GENEVA (Reuters) – A fishmonger who died of Ebola this week probably carried the virus from Congo into both Rwanda and Uganda, the World Health Organization said, as health workers struggled to track down people she could have infected.
FILE PHOTO: A Ugandan health worker prepares to administer the Ebola vaccine to a man in Kirembo village, near the border with the Democratic Republic of Congo in Kasese district, Uganda June 16, 2019. REUTERS/James Akena
The woman is one of almost 1,700 victims of the highly contagious disease during an 11-month epidemic that the WHO, reflecting growing concerns that it might spread, on Wednesday declared an international health emergency.
So far, a campaign of vigilance and vaccination encompassing almost 75 million screenings has effectively kept the outbreak confined to northeast Democratic Republic of Congo.
Three victims died in Uganda last month without spreading Ebola further there, while Rwanda has never had a recorded case.
But Mpondwe, a Ugandan border market, has become a focal point for possible contagion beyond Congo.
The Congolese fishmonger vomited there several times on July 11, a few days before she died, and a second fish trader who spent time there died of Ebola in Congo on Tuesday, the WHO said. It cited a Ugandan health ministry report.
Twelve people have been identified as at high risk of catching Ebola from the fishmonger.
But local official Wilson Agaba said authorities had been slow to send gloves and chlorine solution to medics in the market area, and some residents were refusing to help trace the fishmonger’s contacts for fear of testing positive for Ebola and being isolated.
The health ministry suspected that, while infected, the fishmonger also went to Gisenyi in Rwanda on business, and to Goma, a Congolese border city of more than 1 million that serves as a regional and international gateway and where a pastor died of the disease this month.
The American Society of Tropical Medicine and Hygiene said the pastor’s death illustrated “the powder-keg nature of this … outbreak.”
Jonathan Ball, a professor of molecular virology at Britain’s University of Nottingham, said the latest cases showed current efforts were not effective enough to halt the epidemic, which “is showing no signs of letting up”.
Rwanda is intensifying screening at ports of entry and recommends avoiding unnecessary travel to Ebola-affected areas, its government said via the WHO.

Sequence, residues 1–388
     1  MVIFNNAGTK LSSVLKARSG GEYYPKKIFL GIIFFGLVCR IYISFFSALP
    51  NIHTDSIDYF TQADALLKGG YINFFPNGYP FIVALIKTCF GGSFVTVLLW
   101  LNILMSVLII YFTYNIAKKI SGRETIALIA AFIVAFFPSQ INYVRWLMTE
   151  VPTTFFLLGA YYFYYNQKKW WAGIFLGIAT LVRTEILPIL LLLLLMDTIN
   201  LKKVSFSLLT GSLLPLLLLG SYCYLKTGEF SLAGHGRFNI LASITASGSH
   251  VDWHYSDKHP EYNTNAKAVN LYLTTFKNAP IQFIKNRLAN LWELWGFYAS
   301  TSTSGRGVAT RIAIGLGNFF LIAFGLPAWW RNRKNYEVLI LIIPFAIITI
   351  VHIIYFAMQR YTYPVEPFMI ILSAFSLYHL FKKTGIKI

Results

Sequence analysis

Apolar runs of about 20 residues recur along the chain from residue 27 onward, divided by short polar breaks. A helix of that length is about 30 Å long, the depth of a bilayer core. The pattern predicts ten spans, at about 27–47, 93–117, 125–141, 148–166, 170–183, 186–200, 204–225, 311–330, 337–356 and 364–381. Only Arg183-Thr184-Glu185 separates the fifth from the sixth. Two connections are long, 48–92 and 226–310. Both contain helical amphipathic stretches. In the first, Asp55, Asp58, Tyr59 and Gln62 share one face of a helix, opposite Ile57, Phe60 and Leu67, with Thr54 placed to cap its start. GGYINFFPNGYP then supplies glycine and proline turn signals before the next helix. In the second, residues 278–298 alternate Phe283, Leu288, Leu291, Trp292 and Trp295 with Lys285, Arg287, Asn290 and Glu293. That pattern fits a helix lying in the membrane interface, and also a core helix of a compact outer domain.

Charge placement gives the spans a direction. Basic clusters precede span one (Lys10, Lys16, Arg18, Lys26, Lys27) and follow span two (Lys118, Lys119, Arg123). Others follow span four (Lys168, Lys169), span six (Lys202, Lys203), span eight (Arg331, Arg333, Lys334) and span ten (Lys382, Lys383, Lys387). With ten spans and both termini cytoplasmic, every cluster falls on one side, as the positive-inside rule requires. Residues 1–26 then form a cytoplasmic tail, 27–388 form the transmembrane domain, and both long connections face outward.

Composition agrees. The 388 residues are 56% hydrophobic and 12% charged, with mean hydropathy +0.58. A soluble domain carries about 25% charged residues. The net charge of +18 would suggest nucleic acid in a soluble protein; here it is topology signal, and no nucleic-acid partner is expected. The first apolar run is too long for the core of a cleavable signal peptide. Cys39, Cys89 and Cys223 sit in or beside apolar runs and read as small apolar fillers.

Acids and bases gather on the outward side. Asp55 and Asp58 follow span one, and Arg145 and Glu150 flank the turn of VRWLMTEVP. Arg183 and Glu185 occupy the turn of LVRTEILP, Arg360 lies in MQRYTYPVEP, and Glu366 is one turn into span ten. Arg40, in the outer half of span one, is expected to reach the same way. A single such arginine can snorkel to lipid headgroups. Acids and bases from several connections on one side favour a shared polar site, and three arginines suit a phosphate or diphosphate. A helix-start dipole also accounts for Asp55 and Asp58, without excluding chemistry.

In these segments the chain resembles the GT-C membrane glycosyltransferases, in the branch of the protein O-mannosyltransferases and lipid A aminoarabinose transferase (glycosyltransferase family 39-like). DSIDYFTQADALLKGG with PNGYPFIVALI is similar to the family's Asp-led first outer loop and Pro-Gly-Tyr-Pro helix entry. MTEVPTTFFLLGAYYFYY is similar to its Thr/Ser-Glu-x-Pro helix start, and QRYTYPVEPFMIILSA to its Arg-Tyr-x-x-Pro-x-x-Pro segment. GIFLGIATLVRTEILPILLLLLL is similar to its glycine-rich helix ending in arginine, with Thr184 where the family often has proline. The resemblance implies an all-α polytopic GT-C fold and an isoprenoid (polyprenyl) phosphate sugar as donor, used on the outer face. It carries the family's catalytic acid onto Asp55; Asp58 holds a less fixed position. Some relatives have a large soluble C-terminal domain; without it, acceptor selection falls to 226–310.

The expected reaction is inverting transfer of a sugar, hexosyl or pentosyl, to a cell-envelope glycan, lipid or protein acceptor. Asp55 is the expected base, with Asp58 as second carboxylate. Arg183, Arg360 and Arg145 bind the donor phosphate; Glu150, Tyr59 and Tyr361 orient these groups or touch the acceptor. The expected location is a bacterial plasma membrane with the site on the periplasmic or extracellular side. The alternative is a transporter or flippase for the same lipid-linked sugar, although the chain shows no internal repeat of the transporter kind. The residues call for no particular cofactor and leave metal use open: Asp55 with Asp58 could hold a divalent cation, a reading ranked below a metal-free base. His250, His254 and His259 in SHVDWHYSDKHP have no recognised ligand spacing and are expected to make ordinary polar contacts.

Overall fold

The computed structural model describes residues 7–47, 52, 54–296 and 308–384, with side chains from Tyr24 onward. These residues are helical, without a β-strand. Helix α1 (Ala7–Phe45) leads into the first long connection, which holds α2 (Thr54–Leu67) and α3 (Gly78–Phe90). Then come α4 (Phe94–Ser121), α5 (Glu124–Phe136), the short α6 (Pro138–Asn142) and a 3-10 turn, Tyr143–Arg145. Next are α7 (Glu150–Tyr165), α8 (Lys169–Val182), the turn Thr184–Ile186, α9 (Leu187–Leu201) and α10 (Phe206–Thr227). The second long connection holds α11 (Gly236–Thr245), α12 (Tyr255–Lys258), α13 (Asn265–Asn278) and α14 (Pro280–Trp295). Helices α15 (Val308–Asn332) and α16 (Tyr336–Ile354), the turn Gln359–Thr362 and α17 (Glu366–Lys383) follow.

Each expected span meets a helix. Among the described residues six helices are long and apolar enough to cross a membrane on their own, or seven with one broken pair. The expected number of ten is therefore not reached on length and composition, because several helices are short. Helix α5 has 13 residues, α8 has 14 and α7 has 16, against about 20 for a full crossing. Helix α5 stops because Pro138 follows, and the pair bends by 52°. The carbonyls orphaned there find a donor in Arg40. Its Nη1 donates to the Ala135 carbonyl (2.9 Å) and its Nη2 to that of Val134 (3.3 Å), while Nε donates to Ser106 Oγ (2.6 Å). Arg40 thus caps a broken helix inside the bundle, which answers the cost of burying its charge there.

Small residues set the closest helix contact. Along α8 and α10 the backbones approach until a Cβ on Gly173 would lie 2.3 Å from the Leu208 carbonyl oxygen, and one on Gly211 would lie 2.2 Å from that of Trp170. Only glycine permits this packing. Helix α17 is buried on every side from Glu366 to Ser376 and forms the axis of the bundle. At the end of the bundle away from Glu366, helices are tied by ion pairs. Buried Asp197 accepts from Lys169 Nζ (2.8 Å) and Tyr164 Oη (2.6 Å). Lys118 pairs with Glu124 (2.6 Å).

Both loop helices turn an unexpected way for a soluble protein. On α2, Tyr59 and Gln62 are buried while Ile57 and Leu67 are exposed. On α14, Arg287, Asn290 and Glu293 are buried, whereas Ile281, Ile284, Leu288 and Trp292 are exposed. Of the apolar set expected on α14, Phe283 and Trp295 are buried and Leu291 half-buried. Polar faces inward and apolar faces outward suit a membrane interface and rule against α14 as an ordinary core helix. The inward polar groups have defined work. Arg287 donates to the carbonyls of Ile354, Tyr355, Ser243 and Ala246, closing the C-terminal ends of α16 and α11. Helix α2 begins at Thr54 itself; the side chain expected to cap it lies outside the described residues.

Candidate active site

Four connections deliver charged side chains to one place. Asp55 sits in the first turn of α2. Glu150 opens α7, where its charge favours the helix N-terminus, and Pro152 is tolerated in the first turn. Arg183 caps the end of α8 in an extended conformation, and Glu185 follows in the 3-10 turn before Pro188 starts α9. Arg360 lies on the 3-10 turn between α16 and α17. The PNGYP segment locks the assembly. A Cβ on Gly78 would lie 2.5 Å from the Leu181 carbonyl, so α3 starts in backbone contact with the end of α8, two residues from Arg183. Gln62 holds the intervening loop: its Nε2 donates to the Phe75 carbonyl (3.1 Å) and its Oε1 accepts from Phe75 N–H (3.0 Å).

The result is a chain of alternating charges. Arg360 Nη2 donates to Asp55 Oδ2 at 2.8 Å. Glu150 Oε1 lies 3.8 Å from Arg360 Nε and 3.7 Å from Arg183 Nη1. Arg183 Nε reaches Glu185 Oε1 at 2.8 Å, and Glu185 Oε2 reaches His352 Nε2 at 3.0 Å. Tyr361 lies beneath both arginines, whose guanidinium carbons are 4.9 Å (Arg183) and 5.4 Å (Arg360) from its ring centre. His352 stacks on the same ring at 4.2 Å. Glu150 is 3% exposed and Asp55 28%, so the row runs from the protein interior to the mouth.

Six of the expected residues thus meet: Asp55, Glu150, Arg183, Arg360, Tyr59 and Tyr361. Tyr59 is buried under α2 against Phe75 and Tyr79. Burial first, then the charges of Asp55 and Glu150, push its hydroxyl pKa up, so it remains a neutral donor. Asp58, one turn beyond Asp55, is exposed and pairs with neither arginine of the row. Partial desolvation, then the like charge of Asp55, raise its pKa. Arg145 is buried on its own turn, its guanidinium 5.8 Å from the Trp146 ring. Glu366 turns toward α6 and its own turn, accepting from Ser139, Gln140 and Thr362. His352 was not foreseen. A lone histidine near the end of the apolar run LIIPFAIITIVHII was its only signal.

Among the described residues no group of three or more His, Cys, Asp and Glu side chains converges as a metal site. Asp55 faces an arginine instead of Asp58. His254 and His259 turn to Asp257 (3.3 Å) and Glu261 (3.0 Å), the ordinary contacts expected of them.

‘WITCHCRAFT OR POLITICAL TOOL’
Since the outbreak was declared last August, the WHO’s advisory committee of health experts has three times declined to declare an emergency – a rare designation aimed at galvanising global support.
But the cases of the pastor and the fishmonger pushed it to act.
“The committee is concerned that a year into the outbreak, there are worrying signs of possible extension of the epidemic,” it said in Wednesday’s report.
Health workers fronting the vaccination campaign have at times faced scepticism or hostility from at-risk communities.
“Some Ugandans and Congolese at the border told us that they believe Ebola is witchcraft while others say Ebola is a political tool used (in Congo) …between rival groups to take land and minerals,” Agaba said.
Meanwhile one fish store owner in Mpondwe who the fishmonger had dealt with had locked up his shop and could not be traced, nor could his four attendants or brother, and fellow traders were refusing to share his phone contact, the ministry said.
So far, tests on traders at the market had however not found any infected with the virus, said ministry spokesman Emmanuel Ainebyona. The team continued to monitor the traders.
Nottingham University’s Ball said concerted action was needed to end the outbreak, notably increased engagement with affected communities.
Congo’s health ministry said it accepted the WHO committee’s decision but hoped it was not due to pressure from humanitarian groups looking to raise funds “despite the potential negative and unpredictable consequences for the communities affected, who rely very much on cross-border trade to survive”.
The committee urged countries not to use the designation to justify trade or travel restrictions. Officials from the Rwandan and South Sudanese governments told Reuters they saw no reason to close their borders with Congo.
As for the pastor in Goma, Congo’s health minister Oly Ilunga said everyone in the city who had come into contact with him had been identified and that efforts continued in the cities of Beni and Butembo to locate any other contacts.
Reporting by Tom Miles; additional reporting by Clement Uwiringiyimana in Kigali, Denis Dumo in Juba, Duncan Miriri in Nairobi and Kate Kelland in London; writing by John Stonestreet and Aaron Ross